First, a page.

As a large, integrated department the expertise and current research of our staff spans many areas of the earth sciences.
In addition to our undergraduate and graduate teaching, our primary research groupings focus on: climate change and earth-ocean atmosphere systems; geodynamics, geophysics and tectonics; mineral sciences; palaeobiology and petrology, including igneous, metamorphic and volcanic studies.
Science for planet Earth
Mankind’s interaction with the Earth will be a dominant theme in the lives of the next few generations of our planet’s inhabitants. The threats and challenges from climate change and natural hazards such as earthquakes, tsunamis and volcanic eruptions, are frequently emphasised by dramatic events that reveal the vulnerability of our increasing global population. To improve our resilience to environmental threats we must understand the science behind their nature and causes. Only through this understanding can we develop strategies to mitigate the risks and make more responsible use of the Earth’s resources.
In trying to obtain that understanding we are often observing natural phenomena over which we have little or no influence, but which contain vital clues to the controls on their underlying behaviour. In such circumstances a flexible, nimble and intellectually diverse approach, driven by a strong questioning curiosity, is necessary. History shows that these have indeed been the characteristics behind the biggest conceptual breakthroughs in understanding how the Earth works.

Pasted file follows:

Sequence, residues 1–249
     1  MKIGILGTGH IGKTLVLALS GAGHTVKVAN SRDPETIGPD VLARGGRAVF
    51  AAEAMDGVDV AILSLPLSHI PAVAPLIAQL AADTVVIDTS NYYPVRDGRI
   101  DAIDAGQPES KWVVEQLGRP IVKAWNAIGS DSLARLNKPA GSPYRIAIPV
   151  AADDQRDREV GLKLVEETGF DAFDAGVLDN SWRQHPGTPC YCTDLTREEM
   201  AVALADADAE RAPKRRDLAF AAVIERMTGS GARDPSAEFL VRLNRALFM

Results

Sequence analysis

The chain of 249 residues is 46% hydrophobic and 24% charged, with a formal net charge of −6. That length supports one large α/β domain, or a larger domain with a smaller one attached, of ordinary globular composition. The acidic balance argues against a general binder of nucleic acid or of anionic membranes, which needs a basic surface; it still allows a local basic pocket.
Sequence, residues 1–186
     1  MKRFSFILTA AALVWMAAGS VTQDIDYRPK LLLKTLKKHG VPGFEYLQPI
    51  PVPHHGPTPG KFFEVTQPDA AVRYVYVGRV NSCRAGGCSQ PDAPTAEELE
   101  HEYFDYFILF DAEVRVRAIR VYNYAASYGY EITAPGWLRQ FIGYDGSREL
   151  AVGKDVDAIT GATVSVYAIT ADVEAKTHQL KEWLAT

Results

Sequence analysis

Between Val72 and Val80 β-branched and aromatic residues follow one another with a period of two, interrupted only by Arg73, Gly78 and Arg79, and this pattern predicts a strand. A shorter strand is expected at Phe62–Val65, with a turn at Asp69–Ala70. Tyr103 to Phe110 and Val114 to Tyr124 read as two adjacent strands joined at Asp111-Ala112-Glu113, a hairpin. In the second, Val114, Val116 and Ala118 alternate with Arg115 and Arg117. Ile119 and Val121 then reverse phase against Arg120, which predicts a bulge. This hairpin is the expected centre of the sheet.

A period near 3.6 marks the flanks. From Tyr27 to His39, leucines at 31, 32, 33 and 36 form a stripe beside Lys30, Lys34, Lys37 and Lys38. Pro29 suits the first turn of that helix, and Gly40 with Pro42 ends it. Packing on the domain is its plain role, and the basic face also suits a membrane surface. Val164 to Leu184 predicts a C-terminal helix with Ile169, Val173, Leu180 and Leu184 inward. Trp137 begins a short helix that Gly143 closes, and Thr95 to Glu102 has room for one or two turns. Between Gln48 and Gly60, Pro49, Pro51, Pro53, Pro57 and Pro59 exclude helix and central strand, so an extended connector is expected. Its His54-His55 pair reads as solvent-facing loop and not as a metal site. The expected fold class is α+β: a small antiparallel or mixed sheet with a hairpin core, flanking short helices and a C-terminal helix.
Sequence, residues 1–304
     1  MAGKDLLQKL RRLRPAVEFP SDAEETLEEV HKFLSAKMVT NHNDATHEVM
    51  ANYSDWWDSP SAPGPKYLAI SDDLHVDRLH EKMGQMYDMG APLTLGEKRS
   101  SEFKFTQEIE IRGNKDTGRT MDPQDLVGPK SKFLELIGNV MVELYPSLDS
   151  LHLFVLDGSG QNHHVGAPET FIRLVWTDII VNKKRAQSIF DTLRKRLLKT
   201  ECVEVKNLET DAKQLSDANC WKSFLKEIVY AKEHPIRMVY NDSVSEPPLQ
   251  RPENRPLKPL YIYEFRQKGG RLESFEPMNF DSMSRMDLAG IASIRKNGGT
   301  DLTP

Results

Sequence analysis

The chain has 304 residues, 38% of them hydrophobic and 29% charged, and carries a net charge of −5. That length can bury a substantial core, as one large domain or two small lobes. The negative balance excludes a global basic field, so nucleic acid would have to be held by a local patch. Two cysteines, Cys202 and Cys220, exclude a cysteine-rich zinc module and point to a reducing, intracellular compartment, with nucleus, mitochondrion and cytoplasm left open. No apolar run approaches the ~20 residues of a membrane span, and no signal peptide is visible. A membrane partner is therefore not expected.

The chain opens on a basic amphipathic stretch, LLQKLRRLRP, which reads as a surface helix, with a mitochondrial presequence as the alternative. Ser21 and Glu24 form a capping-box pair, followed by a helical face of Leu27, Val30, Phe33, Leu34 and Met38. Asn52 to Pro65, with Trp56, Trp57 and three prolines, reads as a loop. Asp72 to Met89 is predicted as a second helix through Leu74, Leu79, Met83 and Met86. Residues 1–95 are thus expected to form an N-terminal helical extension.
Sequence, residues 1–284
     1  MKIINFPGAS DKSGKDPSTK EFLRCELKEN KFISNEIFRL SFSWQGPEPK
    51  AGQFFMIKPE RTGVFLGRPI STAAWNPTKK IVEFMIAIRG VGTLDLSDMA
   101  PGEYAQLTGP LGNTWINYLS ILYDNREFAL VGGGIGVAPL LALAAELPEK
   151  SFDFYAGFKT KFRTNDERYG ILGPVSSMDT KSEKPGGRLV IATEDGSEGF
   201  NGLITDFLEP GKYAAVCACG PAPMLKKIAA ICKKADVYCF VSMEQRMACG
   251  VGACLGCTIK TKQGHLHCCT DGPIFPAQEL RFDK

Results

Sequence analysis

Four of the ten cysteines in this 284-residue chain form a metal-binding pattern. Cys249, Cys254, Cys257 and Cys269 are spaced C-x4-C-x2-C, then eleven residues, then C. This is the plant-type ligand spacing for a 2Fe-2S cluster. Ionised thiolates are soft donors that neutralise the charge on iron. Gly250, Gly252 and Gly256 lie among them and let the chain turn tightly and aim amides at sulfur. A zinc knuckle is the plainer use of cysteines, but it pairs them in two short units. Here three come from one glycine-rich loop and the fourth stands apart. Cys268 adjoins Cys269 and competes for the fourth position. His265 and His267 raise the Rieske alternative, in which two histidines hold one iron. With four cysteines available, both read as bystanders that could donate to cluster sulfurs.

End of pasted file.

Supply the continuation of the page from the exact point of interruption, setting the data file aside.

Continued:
Multi-disciplinary collaboration at Cambridge leads to world-leading discoveries
We have world class expertise in multiple methods of imaging, measurement and analysis, from space- and airborne-based remote sensing to field-based missions on land, sea, ice and in the atmosphere. This carefully targeted data collecting is supplemented by robust laboratory measurements, analogue experiments, computational modelling and theory, and ranges over timescales from geological to present day. In all these activities we push the boundaries of what is possible and develop new methods and insights with the aim of achieving a thorough understanding of fundamental scientific processes.
Underlying our expertise and experience is the natural tendency of researchers in Cambridge to interact across conventional disciplinary boundaries. The unique Cambridge research culture produces a high level of flexible creativity and effective communication driven by a shared intellectual curiosity, which are without doubt among our greatest strengths.
Cambridge scientists have made some of humanity’s most important discoveries about planet Earth. Famous examples include the discovery of plate tectonics, the causes of ice-age cycles, and the processes that form sedimentary basins, such as the North Sea. Our breadth is exemplified by recent developments in the mathematics of multi-phase fluid flow, which have been applied to phenomena as diverse as volcanic eruptions, the origin of mountain belts, the underground storage of carbon dioxide and natural ventilation in buildings. More recently Cambridge’s Earth Science experts have played an important role in developing the science underpinning the ozone hole, and the justification for the Montreal Protocol and its successors.
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